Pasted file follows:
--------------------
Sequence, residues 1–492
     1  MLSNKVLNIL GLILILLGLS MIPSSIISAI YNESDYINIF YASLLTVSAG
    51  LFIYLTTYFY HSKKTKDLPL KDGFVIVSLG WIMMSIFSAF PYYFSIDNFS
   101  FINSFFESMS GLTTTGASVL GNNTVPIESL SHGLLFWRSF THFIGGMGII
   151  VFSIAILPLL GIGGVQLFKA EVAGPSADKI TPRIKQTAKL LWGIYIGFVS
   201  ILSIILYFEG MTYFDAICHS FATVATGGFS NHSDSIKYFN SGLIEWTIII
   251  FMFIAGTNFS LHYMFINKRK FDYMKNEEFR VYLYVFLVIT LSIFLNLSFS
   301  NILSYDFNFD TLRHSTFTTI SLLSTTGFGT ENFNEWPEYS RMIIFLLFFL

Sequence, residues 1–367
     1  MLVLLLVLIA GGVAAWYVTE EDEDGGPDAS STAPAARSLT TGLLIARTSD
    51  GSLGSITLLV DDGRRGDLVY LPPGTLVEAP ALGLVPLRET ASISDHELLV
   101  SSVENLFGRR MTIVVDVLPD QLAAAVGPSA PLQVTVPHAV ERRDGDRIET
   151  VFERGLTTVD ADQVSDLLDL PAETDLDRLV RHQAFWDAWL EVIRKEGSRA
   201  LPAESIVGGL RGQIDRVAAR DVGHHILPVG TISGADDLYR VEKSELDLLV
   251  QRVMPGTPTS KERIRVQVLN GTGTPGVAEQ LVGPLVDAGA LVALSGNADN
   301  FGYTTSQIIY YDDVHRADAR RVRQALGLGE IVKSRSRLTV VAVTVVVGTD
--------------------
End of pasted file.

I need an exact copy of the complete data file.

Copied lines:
Sequence, residues 1–492
     1  MLSNKVLNIL GLILILLGLS MIPSSIISAI YNESDYINIF YASLLTVSAG
    51  LFIYLTTYFY HSKKTKDLPL KDGFVIVSLG WIMMSIFSAF PYYFSIDNFS
   101  FINSFFESMS GLTTTGASVL GNNTVPIESL SHGLLFWRSF THFIGGMGII
   151  VFSIAILPLL GIGGVQLFKA EVAGPSADKI TPRIKQTAKL LWGIYIGFVS
   201  ILSIILYFEG MTYFDAICHS FATVATGGFS NHSDSIKYFN SGLIEWTIII
   251  FMFIAGTNFS LHYMFINKRK FDYMKNEEFR VYLYVFLVIT LSIFLNLSFS
   301  NILSYDFNFD TLRHSTFTTI SLLSTTGFGT ENFNEWPEYS RMIIFLLFFL

Sequence, residues 1–367
     1  MLVLLLVLIA GGVAAWYVTE EDEDGGPDAS STAPAARSLT TGLLIARTSD
    51  GSLGSITLLV DDGRRGDLVY LPPGTLVEAP ALGLVPLRET ASISDHELLV
   101  SSVENLFGRR MTIVVDVLPD QLAAAVGPSA PLQVTVPHAV ERRDGDRIET
   151  VFERGLTTVD ADQVSDLLDL PAETDLDRLV RHQAFWDAWL EVIRKEGSRA
   201  LPAESIVGGL RGQIDRVAAR DVGHHILPVG TISGADDLYR VEKSELDLLV
   251  QRVMPGTPTS KERIRVQVLN GTGTPGVAEQ LVGPLVDAGA LVALSGNADN
   301  FGYTTSQIIY YDDVHRADAR RVRQALGLGE IVKSRSRLTV VAVTVVVGTD